Credit Union Accuses Trump of 'Hostile Takeover’ of CFPB
A New York credit union has filed suit in federal court accusing the Trump Administration of a “hostile takeover” of the CFPB following the resignation of agency Director Richard Cordray.
The Lower East Side People’s Federal Credit Union filed suit in U.S. District Court for the Southern District of New York contending that President Trump illegally appointed Office of Management ad Budget Director Mick Mulvaney to serve as interim director of the agency.
The suit states that the Mulvaney appointment has thrown the credit union into “regulatory chaos.”
The credit union asks that Trump be enjoined from that making that selection and that states that agency Deputy Director Leandra English is the rightful director of the agency.
When agency Director Richard Cordray resigned, he appointed English as deputy director. Cordray and English argue that under Dodd-Frank, English is the proper acting director since the law states that the deputy serves as director when the director is absent or unavailable.
However, the Trump Administration argues that under the Federal Vacancies Act, Trump has the power to appoint an interim director.
This suit is the second suit filed in connection with that appointment. English has filed one of her own contending that she is the proper interim director. A federal court has allowed Mulvaney to run the agency until that case is decided.
In its suit, the credit union states that in Mulvaney, Trump chose someone “whose mission is to destroy a bureau that protects thousands of the credit union’s members.”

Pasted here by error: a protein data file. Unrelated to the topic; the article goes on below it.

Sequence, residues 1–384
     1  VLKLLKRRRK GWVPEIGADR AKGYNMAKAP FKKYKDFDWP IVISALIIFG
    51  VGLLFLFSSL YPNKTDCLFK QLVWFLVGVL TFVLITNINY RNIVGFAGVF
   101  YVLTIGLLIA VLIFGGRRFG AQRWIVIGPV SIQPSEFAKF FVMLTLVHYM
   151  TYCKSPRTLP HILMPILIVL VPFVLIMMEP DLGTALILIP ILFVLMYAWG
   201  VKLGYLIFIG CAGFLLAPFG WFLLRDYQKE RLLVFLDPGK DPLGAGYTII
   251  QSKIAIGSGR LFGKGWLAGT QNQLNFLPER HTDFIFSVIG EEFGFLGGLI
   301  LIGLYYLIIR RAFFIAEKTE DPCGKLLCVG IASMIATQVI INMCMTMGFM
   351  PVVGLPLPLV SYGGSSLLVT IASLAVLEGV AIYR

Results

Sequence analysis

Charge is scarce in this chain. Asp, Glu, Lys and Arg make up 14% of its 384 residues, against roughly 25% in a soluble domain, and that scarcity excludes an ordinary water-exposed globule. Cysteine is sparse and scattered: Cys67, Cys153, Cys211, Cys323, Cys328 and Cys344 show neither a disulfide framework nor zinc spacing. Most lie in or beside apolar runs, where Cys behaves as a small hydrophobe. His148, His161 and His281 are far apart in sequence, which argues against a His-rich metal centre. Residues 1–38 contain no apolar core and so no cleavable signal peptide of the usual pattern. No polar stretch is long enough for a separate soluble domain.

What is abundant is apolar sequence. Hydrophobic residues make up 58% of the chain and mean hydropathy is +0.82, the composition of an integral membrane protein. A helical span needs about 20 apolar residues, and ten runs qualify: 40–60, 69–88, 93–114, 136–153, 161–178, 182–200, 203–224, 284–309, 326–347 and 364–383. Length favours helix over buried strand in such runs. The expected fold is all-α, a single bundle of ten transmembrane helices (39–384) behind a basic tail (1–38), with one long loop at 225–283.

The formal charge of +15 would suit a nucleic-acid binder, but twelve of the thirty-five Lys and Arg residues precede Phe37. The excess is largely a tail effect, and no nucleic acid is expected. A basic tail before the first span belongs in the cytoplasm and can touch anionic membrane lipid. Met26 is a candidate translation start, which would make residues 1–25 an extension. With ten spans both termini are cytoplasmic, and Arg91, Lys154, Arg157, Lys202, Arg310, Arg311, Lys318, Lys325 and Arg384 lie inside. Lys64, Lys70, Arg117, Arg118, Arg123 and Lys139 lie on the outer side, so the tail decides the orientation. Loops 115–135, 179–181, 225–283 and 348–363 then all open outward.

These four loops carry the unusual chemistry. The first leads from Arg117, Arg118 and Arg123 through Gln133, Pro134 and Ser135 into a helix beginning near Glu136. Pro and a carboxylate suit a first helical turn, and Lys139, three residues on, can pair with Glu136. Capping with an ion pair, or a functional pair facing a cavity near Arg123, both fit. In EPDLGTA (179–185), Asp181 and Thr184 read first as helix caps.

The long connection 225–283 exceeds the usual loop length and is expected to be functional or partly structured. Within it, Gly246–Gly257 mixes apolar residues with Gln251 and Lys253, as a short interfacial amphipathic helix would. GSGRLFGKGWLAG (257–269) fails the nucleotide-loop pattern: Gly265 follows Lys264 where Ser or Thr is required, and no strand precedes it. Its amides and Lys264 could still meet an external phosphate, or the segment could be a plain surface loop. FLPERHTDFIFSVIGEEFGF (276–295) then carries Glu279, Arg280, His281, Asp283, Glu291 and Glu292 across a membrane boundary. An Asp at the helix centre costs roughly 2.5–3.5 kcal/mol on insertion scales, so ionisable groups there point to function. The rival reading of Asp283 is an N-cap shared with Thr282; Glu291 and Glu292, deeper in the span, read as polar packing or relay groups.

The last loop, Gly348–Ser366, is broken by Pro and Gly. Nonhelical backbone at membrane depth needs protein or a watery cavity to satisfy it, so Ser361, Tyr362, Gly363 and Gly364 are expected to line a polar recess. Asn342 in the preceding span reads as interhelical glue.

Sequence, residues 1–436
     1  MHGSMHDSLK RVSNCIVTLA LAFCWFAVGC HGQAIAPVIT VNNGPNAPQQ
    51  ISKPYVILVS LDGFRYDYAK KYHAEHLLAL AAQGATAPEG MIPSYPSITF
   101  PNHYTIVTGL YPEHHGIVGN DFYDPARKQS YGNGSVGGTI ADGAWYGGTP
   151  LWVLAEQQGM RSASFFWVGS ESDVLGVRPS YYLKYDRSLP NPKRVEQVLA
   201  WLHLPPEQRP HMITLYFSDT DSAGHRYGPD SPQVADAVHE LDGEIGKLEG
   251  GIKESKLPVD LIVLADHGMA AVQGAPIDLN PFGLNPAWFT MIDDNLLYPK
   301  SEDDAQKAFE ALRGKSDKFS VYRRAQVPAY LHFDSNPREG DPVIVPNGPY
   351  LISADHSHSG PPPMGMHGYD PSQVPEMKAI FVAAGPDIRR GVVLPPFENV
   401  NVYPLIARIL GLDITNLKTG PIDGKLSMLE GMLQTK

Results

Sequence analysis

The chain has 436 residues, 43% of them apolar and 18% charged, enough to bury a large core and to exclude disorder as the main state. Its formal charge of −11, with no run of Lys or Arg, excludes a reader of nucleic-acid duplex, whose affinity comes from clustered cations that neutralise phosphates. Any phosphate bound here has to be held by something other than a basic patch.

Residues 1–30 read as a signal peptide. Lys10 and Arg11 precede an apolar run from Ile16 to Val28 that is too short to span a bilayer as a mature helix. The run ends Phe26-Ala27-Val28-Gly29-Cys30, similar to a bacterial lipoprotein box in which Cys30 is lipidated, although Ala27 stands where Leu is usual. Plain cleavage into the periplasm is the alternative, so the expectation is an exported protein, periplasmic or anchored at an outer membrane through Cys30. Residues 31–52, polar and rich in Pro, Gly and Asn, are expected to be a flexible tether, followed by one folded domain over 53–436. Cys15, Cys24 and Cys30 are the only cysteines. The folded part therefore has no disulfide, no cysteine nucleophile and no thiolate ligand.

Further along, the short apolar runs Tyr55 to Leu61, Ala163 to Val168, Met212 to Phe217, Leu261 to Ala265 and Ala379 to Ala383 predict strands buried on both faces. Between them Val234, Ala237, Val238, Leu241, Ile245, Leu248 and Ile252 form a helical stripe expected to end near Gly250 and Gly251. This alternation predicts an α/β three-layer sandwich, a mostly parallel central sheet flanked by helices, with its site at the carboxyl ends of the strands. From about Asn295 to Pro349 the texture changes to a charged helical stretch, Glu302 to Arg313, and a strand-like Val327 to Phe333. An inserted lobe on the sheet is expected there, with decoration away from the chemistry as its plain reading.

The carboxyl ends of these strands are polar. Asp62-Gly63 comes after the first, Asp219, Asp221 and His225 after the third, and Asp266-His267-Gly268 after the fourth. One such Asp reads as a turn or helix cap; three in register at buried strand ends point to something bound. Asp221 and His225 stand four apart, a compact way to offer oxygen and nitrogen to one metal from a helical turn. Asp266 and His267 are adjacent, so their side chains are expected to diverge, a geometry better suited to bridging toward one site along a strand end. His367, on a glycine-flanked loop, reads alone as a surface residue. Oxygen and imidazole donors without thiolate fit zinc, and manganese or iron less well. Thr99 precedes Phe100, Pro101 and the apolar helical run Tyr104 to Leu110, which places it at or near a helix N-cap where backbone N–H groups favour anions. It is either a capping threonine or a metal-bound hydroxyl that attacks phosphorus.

According to the suit, the credit union was established in 1986 and has about 8,500 members. The institution provides financial services to low-income, immigrants and other underserved people. The credit union has about $55 million in assets.
“We support the CFPB as a protector of our low-income members’ financial rights, and fear that the appointment of an acting director beholden to the White House could result in upheaval and ultimate dissolution of this critical agency,” said Linda Levy, CEO of the credit union. “Having experienced the devastation that the 2008 mortgage crisis wreaked on our low income members, we need the CFPB to protect communities targeted by financial predators.”
“The Credit Union’s members need the CFPB to protect them against unscrupulous payday lenders, mortgage sellers, and others regulated by the CFPB," the suit states.
NAFCU President/CEO B. Dan Berger said he was surprised by the suit.
"While Lower East Side People's Federal Credit Union is not a member of NAFCU, we were surprised to see the lawsuit," said Berger. "Since the CFPB's inception, NAFCU has worked with the bureau to ensure credit unions' needs are heard.”